Pottery Artist and Soap Maker
After catching up with Julie Jones of JA Jones Pottery and Old World Soap at the Alpharetta (Georgia) Street Festival and being quite impressed with her beautiful and whimsical pottery, we wanted to know more. Julie told us of her journey, what has inspired her, and even some fun facts about her that most would not know. Enjoy our Conversations on Fine Crafts and Arts, as Brothers Handmade features Pottery Artist and Soap Maker Julie Jones of JA Jones Pottery and Julie's Old World Soap.
Greetings Julie, and thanks for agreeing to our Featured Artist interview.
To start, please tell us about your primary Art interest?
My primary focus is a combination of two completely different crafts. Initially, my craft/art journey began with soap making in early 2002. Pottery was picked up in January 2005 when I took a basic Intro to Pottery class at a local studio. The intent was to learn to make soap dishes but has grown far beyond that.
Please click images to enlarge
Tell us a little about your Journey in this art form.
I have been blessed and encouraged along the way. The soap making came very easy. I have always been one to research and question why. I have always pushed the envelope. I developed a few great recipes, created nice packaging and have a faithful group of customers who have been buying my product from the get-go. Word of mouth and a great product has been the key.
Soap sales were going strong and I needed to increase the product line. Thinking that soap dishes would be a natural addition, I enrolled for an Intro to Pottery course offered at a local studio. That first pottery course was taught by Sandy Culp. She's a nationally recognized artist who is known for her Trompe L'oeil style. Sandy's class was followed by a finishing class with Fern Carter, another accomplished artist. I began classes in mid January 2005 and by November of that year I tried my hand at selling my pieces. I had produced 100 pieces during that 10 month time frame and sold 98 at a neighborhood holiday craft show. Thank you friends, family and strangers!
MILESTONE - I learned from these 2 ladies that pottery can be functional but still be unique and beautiful at the same time. Also, I learned to add a surprise element to each piece. Create a piece that begs to be picked up and examined.
A difficult 7-4 work environment pushed the Country Cluckers into existence. These are functional and very whimsical pottery shaped into singing chickens. I’d come home after a very trying day and throw a chicken pot. They made me laugh and realize that "work" shouldn't be all encompassing. They sold like hotcakes and made people stop, stare, point and laugh. Over these few short years, pottery has been therapeutic for me. It's been an outlet for the stress of everyday living. The more stress, the more creative and prolific I become.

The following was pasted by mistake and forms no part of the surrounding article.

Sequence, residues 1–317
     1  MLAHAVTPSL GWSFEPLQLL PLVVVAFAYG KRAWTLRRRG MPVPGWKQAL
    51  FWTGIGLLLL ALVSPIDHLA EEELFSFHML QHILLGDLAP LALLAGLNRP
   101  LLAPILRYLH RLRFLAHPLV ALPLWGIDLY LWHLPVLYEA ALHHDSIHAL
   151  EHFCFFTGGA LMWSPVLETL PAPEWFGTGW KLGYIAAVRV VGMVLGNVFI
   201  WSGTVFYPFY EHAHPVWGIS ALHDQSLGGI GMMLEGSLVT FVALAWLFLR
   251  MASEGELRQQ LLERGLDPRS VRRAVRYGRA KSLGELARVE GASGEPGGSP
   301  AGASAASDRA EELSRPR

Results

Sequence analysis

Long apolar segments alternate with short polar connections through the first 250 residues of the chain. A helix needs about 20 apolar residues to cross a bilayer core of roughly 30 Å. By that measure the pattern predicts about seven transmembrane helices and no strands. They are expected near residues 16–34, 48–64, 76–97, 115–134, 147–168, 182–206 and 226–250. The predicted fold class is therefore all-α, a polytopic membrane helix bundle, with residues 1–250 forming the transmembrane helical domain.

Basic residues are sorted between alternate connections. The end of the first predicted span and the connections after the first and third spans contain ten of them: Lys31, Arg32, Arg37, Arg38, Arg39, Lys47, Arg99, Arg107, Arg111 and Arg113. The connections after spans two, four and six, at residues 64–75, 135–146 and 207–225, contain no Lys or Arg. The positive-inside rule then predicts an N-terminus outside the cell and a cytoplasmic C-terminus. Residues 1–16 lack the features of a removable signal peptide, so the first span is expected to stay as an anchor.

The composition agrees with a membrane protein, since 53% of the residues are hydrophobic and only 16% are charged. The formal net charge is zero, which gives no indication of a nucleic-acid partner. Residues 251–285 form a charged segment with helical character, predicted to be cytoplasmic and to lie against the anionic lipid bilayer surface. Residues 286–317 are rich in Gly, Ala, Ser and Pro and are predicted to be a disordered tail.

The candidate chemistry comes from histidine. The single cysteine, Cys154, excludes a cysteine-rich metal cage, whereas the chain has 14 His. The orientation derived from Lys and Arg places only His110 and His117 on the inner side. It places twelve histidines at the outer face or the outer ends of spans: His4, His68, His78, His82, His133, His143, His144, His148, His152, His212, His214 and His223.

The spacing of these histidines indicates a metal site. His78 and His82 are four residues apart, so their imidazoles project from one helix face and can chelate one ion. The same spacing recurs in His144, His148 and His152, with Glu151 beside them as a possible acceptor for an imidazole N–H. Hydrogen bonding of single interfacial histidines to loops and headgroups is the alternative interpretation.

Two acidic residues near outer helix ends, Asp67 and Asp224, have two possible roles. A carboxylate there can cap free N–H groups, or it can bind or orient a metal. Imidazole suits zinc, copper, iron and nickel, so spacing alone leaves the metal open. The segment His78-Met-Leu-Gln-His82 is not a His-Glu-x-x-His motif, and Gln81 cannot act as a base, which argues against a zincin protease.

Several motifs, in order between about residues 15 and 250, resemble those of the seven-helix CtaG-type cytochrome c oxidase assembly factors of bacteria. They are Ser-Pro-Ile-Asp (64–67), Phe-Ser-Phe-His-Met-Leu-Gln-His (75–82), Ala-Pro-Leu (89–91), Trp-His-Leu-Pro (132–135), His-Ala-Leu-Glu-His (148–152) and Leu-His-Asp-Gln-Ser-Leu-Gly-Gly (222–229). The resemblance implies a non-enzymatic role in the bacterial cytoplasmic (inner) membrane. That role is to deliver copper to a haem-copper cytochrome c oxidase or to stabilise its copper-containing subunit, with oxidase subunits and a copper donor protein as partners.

MILESTONE – When my husband took my "Hobby" seriously and told me he believed I could actually make a decent living at it.
MILESTONE – When other people started believing in me. A major milestone was achieved at the 2011 Dunwoody Art Festival. I was approached by a buyer for a major art museum. They are interested in carrying the grass & ladybug series in their gift store. We're negotiating now.
What do you like the most about your art and craft?
The most enjoyable thing about soap making is the repeat customers and their enthusiasm for the product. I love receiving the feedback.
Pottery allows me to be totally immersed in the clay. I have only music and my thoughts keeping me company when I create. Studio time is my private time, my oasis.
What are your favorite 1 or 2 pieces and why?
I don’t have a favorite piece, I have 2 favorite pottery styles … the carved brick series and the green water carved.
The brick series came about after a trip to look at a custom home my husband had just finished the construction on. At first glance the home appeared to be unfinished. It looked as though the stucco exterior was incomplete. The bottom quarter to third showed exposed bricks. The bricks were also exposed around windows and doors. The more I looked, the more I liked. It took nearly 2 years of drawing the idea and testing ways to produce the effect.
I began the water carved series after reading an article in a pottery periodical Winter 2010. Upon further investigation I tried my hand at it in March 2010. I was so excited with what appeared to be a fairly straight forward technique - I got carried away and gambled that I got it right the first time. My first attempt included a full kiln load. They turned out beautifully.
What do you do for a hobby or like doing when you are not in the studio?
I love to read… it’s a vacation without physically going anywhere. My husband and I also can be found cruising the highways and back roads on our Harleys, cooking for family or friends or daydreaming at the beach. I’m a California girl…
Thank you Julie, for the interview.
We hope you have enjoyed our conversations with Julie Jones - Pottery Artist, Soap Maker, California girl, and Harley rider.
And remember, go to fine craft and arts shows and festivals, and to Brothers-Handmade.com, to:
"Come See What Amazing Things Your Neighbors Are Making"©
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